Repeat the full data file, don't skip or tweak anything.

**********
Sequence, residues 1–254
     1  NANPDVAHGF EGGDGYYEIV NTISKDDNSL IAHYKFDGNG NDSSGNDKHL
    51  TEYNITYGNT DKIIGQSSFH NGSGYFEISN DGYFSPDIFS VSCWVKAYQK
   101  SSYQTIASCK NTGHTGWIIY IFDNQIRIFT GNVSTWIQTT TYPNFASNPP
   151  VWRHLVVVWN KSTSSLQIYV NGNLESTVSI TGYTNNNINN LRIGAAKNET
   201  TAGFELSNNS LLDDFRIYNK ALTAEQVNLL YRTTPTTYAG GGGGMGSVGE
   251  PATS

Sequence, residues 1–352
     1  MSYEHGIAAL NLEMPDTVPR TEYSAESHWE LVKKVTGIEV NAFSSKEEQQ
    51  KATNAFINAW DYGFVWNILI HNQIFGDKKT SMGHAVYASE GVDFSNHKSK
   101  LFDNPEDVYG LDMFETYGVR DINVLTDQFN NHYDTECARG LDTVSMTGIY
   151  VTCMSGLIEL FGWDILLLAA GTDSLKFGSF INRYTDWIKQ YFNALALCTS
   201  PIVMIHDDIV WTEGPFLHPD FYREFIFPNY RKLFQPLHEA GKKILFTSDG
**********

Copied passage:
Sequence, residues 1–254
     1  NANPDVAHGF EGGDGYYEIV NTISKDDNSL IAHYKFDGNG NDSSGNDKHL
    51  TEYNITYGNT DKIIGQSSFH NGSGYFEISN DGYFSPDIFS VSCWVKAYQK
   101  SSYQTIASCK NTGHTGWIIY IFDNQIRIFT GNVSTWIQTT TYPNFASNPP
   151  VWRHLVVVWN KSTSSLQIYV NGNLESTVSI TGYTNNNINN LRIGAAKNET
   201  TAGFELSNNS LLDDFRIYNK ALTAEQVNLL YRTTPTTYAG GGGGMGSVGE
   251  PATS

Sequence, residues 1–352
     1  MSYEHGIAAL NLEMPDTVPR TEYSAESHWE LVKKVTGIEV NAFSSKEEQQ
    51  KATNAFINAW DYGFVWNILI HNQIFGDKKT SMGHAVYASE GVDFSNHKSK
   101  LFDNPEDVYG LDMFETYGVR DINVLTDQFN NHYDTECARG LDTVSMTGIY
   151  VTCMSGLIEL FGWDILLLAA GTDSLKFGSF INRYTDWIKQ YFNALALCTS
   201  PIVMIHDDIV WTEGPFLHPD FYREFIFPNY RKLFQPLHEA GKKILFTSDG